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Profile: Amelia Kallman and The Big Reveal


How did you get started in the AV industry?
I don’t come from a technical background. I grew up as a child actress in Fairfax, Virginia right outside Washington D.C., operated an illegal speakeasy in New York City, and then opened and owned the first burlesque and cabaret nightclub in China. Then I got thrown out of China and came to the UK because my husband is British. It took me two years to get a visa to work in this country, and during that time I wrote my first book, Diary of a Shanghai Showgirl, which went on to win several international awards and may one day be made into a TV series.

But when I got my visa, I needed a job – any job. A friend of mine had a booth at an innovation conference, and at the time I’m not sure I even knew what ‘innovation’ meant, but I convinced him to let me help host his booth, and I figured I could network and meet people, and maybe someone would offer me a job.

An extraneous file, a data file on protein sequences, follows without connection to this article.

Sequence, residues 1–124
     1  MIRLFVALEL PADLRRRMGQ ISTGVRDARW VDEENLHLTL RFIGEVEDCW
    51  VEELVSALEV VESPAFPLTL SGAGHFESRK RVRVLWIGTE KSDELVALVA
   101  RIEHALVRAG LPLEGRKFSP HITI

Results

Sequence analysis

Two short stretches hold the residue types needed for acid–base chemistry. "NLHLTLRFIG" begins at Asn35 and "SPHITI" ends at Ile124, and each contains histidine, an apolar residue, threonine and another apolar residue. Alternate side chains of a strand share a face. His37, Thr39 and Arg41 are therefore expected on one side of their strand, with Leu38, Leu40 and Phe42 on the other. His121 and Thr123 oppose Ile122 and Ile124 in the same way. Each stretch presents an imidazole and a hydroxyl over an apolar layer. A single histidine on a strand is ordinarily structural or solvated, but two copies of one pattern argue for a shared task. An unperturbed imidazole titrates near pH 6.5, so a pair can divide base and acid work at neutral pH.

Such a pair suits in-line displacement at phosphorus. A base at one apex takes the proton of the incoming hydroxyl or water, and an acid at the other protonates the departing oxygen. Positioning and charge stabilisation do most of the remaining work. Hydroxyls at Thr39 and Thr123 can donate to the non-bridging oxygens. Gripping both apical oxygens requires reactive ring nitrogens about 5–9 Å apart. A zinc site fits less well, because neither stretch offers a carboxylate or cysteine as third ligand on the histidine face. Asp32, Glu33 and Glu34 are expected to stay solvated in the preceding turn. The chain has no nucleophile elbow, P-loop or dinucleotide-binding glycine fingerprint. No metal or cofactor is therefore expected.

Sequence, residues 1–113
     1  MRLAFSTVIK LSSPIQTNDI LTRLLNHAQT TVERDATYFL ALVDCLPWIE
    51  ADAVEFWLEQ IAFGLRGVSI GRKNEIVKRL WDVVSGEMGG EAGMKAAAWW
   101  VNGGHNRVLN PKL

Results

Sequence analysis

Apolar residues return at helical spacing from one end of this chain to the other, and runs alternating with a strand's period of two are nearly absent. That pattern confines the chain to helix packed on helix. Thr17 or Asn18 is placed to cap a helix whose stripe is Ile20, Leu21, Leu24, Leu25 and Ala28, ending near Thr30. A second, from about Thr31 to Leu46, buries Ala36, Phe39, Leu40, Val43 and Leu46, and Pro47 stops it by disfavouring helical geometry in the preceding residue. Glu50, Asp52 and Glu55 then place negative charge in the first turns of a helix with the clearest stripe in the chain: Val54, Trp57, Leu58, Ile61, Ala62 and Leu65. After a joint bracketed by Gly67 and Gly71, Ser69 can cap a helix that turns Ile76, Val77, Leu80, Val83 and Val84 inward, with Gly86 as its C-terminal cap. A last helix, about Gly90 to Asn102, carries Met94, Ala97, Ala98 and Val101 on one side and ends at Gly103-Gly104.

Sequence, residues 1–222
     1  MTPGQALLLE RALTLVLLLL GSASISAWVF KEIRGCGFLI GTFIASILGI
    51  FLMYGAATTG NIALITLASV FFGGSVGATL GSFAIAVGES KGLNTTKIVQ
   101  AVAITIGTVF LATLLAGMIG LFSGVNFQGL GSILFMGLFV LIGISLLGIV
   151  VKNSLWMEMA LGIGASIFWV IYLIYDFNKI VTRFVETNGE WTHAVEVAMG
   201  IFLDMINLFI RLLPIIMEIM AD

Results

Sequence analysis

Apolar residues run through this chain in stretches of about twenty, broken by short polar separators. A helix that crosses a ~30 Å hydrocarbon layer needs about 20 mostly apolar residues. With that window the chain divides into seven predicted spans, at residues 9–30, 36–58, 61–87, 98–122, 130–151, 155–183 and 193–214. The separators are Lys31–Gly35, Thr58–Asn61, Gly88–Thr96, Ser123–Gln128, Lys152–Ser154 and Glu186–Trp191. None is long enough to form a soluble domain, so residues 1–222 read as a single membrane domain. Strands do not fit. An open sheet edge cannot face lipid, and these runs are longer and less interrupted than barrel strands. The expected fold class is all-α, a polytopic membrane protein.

There was a booth a couple over from ours that had all this really cool technology – touchscreen tables, a virtual book, some early augmented reality. I’d never seen anything like it. I started to go over and ask lots of questions, and then I started bringing my people over and explaining to them what had been explained to me, and finally someone asked, “Do you work for us?” To which I replied, “No, but I should!”

A week later I began as a marketing assistant at a creative technology agency. There I worked my way up to become its global head of innovation, curating and managing innovation labs in London and Dubai, and consulting on labs for companies, such as Accenture, PWC, EY, and KPMG. This was when I recognised I have a real curiosity, interest, and enthusiasm for cutting-edge technology. It was 2013, the year Google Glass first came out and the Oculus Rift got Kickstarted, and IBM Watson was just starting to make headlines. No one was an expert on these emerging technologies yet, and I happened to be in the right place at the right time.

Because I don’t come from a technical background, I discovered I have a talent for making the complex accessible to people, explaining the tech in a way anyone can understand. I really believe technology is for the people, it’s here to enhance our lives, not to intimidate us.

The more I spoke about things like XR, AI, and big data, the more I realised the skills from my previous career performing onstage could serve me well in this industry too. I’d been to so many conferences where speakers were either boring and technical, or their keynotes were really just sales pitches. Personally, I never felt comfortable purely marketing these technologies as if they’re the answer to everyone’s problems, where everyone needs to buy-in now before it’s too late.